TALLAHASSEE, FL- Attorney General Pam Bondi joined Senator Miguel Diaz de la Portilla (R-Miami), Representative Bryan Nelson (R-Orlando), other legislative leaders, law enforcement and road enthusiasts to announce a legislative proposal that will crack down on the growing problem of hit-and-run drivers and remove theincentive for drunk drivers to flee the scene of an accident. According to the Florida Highway Patrol, three people were killed every week by a hit-and-run driver in 2012.
Under current Florida law, there is a minimum mandatory sentence of four years in prison for killing someone while driving under the influence. In contrast, a driver who leaves the scene of an accident that kills someone faces a much lighter sentence. In the case of cyclist Aaron Cohen, the driver who killed Aaron and left the scene received less than two years in jail.
“Floridians deserve to feel safe when enjoying their communities, and this legislative proposal will crack down on all hit-and-runs," stated Attorney General Bondi. "I thank Senator Diaz de la Portilla and Representative Nelson for their leadership on the Aaron Cohen Life Protection Act, and I applaud Patty Cohen for her bravery in transforming her tragedy into action to protect others.”
"Aaron Cohen was a member of my community. The outrage that followed the light sentence his killer received brought attention to the punishment gap in sentencing laws, and we, along with his family and friends, decided to take action," stated Senator Diaz de la Portilla, sponsor of SB 102.
"This bill is about protecting people," said Representative Nelson, sponsor of HB 183. "Those who are not protected by the metal exoskeleton of a car should feel just as safe on the road as someone who does have that protection."
This legislation will:
Create a minimum mandatory sentence of four years for leaving the scene of an accident which results in death (with an allowance for downward departure by the court when mitigating factors exist.)Increase existing minimum mandatory sentence from two to four years for leaving the scene of an accident resulting in death with DUI.Increase the penalty for leaving the scene of an accident resulting in serious bodily injury from a 3rd degree felony to a 2nd degree felony. Define "Vulnerable Road User" (VRU) and create a VRU enhancer in the criminal punishment code.Require a three-year revocation of the offender's driver's license and, prior to reinstatement, a driver's education course on the rights of vulnerable road users.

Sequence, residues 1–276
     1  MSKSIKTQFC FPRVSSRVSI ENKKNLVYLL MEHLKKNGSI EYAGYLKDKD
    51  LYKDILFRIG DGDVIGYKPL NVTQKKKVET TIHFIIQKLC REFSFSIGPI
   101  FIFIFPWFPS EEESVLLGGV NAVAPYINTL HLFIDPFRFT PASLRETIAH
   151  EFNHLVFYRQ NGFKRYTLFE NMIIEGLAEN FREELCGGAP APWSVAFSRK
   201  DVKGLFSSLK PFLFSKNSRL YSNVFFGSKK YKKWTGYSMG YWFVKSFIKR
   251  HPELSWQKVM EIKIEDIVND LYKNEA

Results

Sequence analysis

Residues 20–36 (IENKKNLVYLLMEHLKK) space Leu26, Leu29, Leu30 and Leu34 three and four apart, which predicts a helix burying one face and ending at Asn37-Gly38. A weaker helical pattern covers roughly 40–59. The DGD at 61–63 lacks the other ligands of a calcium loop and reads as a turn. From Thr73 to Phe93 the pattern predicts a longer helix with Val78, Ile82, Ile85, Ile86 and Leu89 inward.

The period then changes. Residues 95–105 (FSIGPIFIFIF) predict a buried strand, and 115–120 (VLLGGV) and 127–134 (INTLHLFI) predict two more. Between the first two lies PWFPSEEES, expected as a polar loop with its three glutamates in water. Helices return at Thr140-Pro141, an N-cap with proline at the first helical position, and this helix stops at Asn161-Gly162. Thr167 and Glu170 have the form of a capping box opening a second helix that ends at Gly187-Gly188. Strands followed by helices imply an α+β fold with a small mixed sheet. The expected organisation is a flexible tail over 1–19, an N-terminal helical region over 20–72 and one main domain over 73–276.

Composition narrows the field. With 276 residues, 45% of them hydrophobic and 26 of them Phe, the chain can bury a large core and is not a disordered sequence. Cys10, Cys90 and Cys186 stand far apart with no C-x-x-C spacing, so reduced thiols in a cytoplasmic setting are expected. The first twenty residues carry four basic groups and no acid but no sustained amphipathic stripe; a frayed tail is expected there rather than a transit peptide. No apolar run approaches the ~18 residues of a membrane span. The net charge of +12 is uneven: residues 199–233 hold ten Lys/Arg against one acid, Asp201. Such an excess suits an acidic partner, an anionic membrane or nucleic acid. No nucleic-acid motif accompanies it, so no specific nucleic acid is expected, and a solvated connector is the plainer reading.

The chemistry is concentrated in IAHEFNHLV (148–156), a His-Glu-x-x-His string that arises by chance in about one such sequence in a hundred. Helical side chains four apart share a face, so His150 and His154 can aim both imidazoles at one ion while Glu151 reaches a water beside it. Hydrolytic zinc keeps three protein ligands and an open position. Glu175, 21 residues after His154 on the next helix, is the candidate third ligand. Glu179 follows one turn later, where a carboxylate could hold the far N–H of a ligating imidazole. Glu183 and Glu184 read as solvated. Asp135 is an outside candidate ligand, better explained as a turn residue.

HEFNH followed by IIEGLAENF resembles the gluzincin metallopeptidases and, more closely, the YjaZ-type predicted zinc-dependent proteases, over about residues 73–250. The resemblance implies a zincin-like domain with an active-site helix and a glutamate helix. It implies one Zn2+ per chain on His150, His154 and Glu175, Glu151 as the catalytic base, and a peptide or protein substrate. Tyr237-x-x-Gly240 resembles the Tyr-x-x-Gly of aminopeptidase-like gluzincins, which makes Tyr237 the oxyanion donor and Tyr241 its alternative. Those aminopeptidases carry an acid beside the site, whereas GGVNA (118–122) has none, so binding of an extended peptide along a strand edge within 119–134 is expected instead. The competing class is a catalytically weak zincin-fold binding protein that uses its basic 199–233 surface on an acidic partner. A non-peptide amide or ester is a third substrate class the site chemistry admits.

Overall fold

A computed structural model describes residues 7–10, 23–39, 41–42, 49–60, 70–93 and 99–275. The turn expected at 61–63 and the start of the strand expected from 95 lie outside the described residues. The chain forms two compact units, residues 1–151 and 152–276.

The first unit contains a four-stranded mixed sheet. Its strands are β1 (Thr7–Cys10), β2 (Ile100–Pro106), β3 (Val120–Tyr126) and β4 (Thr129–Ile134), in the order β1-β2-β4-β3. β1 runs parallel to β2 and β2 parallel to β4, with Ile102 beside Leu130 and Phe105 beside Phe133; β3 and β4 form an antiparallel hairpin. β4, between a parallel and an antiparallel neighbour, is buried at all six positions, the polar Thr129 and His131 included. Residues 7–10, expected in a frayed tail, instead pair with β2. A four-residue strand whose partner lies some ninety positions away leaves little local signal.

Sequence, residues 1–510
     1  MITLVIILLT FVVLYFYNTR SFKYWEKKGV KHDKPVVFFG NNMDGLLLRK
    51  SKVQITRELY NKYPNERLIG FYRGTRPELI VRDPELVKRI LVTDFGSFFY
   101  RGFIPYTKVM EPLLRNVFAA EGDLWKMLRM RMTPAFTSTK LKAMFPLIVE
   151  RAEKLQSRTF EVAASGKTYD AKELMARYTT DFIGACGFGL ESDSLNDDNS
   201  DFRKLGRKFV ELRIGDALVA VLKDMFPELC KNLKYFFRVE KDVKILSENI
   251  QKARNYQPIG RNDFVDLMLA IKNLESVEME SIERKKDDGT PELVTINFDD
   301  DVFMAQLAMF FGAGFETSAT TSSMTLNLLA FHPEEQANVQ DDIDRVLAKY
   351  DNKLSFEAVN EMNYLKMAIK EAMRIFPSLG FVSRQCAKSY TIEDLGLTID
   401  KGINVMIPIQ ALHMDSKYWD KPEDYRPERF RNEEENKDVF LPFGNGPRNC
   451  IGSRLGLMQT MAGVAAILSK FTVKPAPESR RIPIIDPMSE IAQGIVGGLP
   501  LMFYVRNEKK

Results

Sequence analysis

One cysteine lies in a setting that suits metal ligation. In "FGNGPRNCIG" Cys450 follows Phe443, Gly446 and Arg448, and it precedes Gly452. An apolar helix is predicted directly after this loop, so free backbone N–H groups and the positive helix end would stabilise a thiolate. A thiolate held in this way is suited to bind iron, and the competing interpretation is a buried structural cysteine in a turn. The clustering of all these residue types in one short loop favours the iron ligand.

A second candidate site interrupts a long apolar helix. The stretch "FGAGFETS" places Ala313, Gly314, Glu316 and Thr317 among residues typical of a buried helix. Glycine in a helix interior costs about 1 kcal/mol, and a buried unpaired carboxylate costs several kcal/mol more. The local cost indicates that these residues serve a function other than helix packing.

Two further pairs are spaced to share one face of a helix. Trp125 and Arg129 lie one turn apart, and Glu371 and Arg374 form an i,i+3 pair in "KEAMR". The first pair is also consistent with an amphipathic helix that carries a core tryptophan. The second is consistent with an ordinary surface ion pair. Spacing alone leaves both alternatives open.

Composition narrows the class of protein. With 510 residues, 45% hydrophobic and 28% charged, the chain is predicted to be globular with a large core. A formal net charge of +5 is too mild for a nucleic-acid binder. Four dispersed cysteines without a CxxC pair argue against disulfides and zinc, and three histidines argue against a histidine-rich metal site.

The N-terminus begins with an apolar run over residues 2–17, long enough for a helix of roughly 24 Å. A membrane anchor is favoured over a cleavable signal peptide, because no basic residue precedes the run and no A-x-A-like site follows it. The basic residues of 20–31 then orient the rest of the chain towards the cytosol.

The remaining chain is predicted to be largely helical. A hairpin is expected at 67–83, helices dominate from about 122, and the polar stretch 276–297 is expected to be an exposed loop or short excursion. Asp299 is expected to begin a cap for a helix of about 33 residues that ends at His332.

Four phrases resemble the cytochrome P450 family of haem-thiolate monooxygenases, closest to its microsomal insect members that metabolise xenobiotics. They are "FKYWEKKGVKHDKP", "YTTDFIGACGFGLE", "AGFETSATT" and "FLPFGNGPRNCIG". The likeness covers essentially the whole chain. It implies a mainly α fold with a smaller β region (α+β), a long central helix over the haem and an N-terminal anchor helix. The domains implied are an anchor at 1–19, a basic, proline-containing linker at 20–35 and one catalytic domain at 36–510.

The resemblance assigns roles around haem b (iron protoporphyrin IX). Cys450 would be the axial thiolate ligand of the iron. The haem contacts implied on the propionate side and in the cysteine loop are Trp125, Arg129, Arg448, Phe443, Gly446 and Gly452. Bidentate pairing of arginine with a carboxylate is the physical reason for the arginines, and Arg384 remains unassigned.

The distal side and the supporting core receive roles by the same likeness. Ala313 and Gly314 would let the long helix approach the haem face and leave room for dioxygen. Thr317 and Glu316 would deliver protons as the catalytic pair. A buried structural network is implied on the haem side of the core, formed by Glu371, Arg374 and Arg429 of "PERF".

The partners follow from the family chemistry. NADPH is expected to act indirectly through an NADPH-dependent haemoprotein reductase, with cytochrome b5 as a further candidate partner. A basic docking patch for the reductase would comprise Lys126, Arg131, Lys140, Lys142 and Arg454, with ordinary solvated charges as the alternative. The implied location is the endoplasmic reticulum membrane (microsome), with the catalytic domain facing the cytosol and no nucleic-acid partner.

"As Chairman of the Senate Criminal Justice Committee, I believe it's time to close the penalty gap for hit-and-run drivers in Florida. This legislation will make our roads safer for everyone--pedestrians, motorcyclists, and cyclists," stated Senator Greg Evers (R-Pensacola), a bill co-sponsor.
"How do you explain to grieving families that the person who struck their loved one chose to leave rather than call for help? I want this legislation to motivate people to do the right thing," said Representative Dennis Baxley (R-Ocala), a bill co-sponsor and Chairman of the House Judiciary Committee.
"Too many lives have been lost; too many families, just like mine, have been devastated," said Patty Cohen, Aaron Cohen's widow.
“The Florida Sheriffs Association strongly supports legislation that would create proportionate penalties for drivers committing the crimes of DUI Manslaughter and Leaving the Scene of an Accident resulting in death," said FSA President and Polk County Sheriff Grady Judd. "We should not have laws that encourage drivers to leave the scene of an accident."
Also participating in the press conference today were: Senator Rene Garcia, Representative Eddie Gonzalez, Representative Irv Slosberg, Representative Jim Waldman, Dr. Mickey Witte, Founder, Aaron Cohen Law Initiative; Tim Bustos, Executive Director, Florida Bicycle Association; Kristen Allen, State Victim Services Manager, M.A.D.D; Maj. Chris Connell, Tallahassee Police Department, representing the Florida Police Chiefs Association; Maj. Jim Russell, FSU Police Department; Sgt. Dave Ferrell (Ret.), Tallahassee Police Department, and Lt. Bruce Ashley and Sgt. Mike Helms, Wakulla County Sheriff's Office.
Senate Bill 102 unanimously passed its first two committee stops. The first committee hearing for HB 183 will be in the House Transportation and Highway Safety Subcommittee.
Click the following links to view Senate Bill 102/HB 183: http://www.flsenate.gov/Session/Bill/2014/0102
Click the following link for more information on the bill's grassroots efforts: